Arm Injury: Introduction
As athletes know, joint pain is common when you repeat a particular motion. Whether the action is swinging a baseball bat, frequent heavy lifting or a traumatic injury, elbow pain may result if your muscles, tendons and joints are overused, strained or impacted. If you find that elbow pain is interfering with your life, it may be time to seek an elbow pain treatment from an elbow surgeon at AOSMI.
Your elbow is a complex joint that connects your upper arm to your lower arm. The round portion of the joint is the end of your humerus, and the part that sticks out at the bottom, back of your elbow is the olecranon or ulna bone. Ligaments on the inside and outside stabilize your elbow joint. When it comes to movement, your radius bone allows your forearm to rotate, and your biceps and triceps also help move your elbow. Equally important to your elbow’s makeup are the nerves that travel around it. We’ve all banged our “funny bone,” right? This involves the ulnar nerve, which is commonly injured because of its superficial position.
Elbow Pain Causes
Aside from hitting that pesky funny bone, the most common causes of elbow pain include:
- Trauma – Caused by direct impact or a fall
- Overuse and Repetitive Stress – Often injures the ligaments around the elbow
- Poor Throwing Mechanics – Causes increased forces on the elbow leading to injury
Diseases and Injuries
- Fractures of the elbow – Often caused by a fall or impact. The most common fractures include radial head and neck fractures, distal humerus fractures and olecranon fractures
- Sprains – Caused by excessive force on a ligament, tendon or muscle
- Dislocations – Often cause severe pain and require urgent attention. Called nursmaid’s elbow in children
- Lateral epicondylitis or “tennis elbow” – Inflammation of the tendons of the elbow
- “Golfer’s elbow” – Inflammation of the tendons on the inside of the elbow
- Olecranon Bursitis or Elbow Bursitis – The bursa in your elbow is prone to injury and when it becomes inflamed or swollen, sometimes the olecranon bursa can get infected, known as “septic” olecranon bursitis.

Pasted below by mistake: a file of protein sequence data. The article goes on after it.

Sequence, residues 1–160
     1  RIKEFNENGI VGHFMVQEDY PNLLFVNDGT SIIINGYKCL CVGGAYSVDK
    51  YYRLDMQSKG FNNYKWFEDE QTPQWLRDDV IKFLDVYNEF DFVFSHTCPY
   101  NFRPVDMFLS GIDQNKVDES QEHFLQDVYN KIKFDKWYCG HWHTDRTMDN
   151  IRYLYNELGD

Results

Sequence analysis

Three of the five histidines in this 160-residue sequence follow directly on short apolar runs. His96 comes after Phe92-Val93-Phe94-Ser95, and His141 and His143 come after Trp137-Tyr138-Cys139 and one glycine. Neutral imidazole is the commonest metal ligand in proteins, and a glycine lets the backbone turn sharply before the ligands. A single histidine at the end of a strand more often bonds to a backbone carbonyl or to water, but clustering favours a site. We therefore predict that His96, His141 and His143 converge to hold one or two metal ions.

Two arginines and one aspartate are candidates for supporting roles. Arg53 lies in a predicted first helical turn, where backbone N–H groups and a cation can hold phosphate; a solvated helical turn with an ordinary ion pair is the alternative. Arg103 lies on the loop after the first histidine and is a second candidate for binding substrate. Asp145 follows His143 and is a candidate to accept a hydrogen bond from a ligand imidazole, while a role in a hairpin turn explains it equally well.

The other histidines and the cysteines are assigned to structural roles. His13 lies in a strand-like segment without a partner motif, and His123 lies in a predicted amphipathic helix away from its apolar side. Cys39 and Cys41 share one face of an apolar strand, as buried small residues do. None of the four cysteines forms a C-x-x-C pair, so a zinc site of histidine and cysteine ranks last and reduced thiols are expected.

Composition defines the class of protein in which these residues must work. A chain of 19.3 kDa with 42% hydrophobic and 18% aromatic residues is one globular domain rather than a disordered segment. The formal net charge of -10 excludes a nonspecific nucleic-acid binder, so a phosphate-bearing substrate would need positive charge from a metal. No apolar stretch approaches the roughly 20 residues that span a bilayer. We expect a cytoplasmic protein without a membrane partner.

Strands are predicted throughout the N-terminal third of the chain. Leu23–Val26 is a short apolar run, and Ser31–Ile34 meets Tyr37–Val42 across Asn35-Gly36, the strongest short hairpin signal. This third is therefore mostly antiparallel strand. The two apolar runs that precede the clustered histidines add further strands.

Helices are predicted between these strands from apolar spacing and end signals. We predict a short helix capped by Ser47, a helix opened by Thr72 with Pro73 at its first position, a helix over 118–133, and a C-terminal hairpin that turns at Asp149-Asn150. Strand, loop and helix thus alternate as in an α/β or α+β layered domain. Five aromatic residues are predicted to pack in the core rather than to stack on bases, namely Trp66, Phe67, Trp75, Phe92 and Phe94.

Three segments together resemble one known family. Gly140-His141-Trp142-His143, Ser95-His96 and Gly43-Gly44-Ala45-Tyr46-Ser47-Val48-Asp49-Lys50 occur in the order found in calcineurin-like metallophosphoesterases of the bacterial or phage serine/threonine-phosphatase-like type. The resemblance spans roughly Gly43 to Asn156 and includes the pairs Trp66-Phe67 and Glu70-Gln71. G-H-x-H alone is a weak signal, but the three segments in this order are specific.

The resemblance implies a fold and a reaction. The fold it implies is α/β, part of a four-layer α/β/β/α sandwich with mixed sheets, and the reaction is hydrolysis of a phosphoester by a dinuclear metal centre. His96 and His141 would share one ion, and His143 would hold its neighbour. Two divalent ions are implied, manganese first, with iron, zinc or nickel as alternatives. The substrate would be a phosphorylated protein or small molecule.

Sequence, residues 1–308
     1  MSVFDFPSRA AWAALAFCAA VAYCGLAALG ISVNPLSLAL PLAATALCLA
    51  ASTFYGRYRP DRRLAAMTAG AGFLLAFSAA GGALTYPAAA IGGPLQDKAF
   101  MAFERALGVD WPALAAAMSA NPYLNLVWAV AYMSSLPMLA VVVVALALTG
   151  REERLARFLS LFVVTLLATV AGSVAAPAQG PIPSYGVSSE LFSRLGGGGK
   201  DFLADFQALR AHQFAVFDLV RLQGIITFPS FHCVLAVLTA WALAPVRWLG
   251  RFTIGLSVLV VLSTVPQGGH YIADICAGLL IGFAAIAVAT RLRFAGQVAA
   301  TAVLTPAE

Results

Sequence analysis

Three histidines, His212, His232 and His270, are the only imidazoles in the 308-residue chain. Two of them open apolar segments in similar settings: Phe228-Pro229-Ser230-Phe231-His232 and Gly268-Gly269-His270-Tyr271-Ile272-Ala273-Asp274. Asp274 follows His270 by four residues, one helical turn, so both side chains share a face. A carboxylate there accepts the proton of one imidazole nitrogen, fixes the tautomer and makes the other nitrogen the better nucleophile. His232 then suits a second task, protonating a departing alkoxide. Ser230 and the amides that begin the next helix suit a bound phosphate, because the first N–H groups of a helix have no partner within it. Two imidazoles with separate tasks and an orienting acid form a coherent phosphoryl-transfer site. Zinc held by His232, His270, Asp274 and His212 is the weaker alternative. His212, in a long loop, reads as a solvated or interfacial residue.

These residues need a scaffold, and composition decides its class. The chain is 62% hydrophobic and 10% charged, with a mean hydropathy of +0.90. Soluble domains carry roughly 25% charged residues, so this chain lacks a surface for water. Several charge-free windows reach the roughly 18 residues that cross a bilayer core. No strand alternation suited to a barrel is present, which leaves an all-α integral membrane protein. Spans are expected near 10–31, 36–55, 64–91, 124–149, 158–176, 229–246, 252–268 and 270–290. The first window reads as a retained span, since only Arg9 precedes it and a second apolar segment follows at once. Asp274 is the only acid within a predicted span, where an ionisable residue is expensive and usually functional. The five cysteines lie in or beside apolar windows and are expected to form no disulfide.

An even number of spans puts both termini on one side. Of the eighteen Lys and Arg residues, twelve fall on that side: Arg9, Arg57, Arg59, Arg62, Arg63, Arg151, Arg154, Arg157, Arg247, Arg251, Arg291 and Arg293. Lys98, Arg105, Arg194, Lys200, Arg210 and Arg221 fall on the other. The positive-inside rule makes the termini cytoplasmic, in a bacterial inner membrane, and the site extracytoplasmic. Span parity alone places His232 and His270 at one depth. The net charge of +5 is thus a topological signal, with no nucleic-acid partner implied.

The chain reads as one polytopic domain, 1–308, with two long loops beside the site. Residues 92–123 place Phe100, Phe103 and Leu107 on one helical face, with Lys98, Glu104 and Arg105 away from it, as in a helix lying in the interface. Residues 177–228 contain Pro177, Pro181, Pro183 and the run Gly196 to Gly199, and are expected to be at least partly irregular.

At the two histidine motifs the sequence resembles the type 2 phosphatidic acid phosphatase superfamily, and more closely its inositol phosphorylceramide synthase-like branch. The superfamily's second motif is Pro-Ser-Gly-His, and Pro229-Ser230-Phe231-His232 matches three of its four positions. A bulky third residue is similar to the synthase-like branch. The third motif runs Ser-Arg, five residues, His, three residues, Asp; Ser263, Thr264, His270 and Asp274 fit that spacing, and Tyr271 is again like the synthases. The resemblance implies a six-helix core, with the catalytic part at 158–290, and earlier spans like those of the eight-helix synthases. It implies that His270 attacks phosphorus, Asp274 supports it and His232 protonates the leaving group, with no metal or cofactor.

If you have a problem with your elbow, an elbow surgeon at AOSMI will complete a comprehensive history and physical examination. Often, X-rays of your elbow will be obtained to evaluate your bones and joints. Sometimes further studies such as MRI of the elbow are required to look deeper into the ligaments and other soft tissue structures of your elbow. To diagnose nerve injuries around the elbow EMG/Nerve conduction studies are often necessary as well.
Elbow Pain Treatments
Elbow pain treatment depends on the type of problem.
- Casting – For traumatic injuries such as fractures
- Reduction or manipulation procedure – For dislocations such as “nursemaid’s” elbow or elbow joint dislocation
- PRP (Platelet-Rich Plasma) Injections and Steroid Injections – Effective for treating tennis elbow and golfer’s elbow, can help tendons heal and promote recovery
- Bracing – Can help you return to sports or work-related activities faster
- Physical Therapy and Occupational Therapy – Specifically directed at restoration of function which is occupation specific and improving throwing mechanics in athletes
Sometimes your elbow becomes so badly damaged that you require surgical intervention.
- Open reduction and internal fixation – Commonly used for treating fractures of the tip of the elbow or olecranon and supracondylar humerus fractures. In children, fractures of the elbow are often treated with pinning such as in supracondylar humerus fractures.
- Incision and drainage – If the bursitis is severe, and especially if it becomes infected, surgery may be required to wash out the infection.
- Arthroscopic elbow surgery – Often performed to diagnose and treat problems inside the elbow joint such as osteochondral defects, which are breaks or lesions of the cartilage and bone.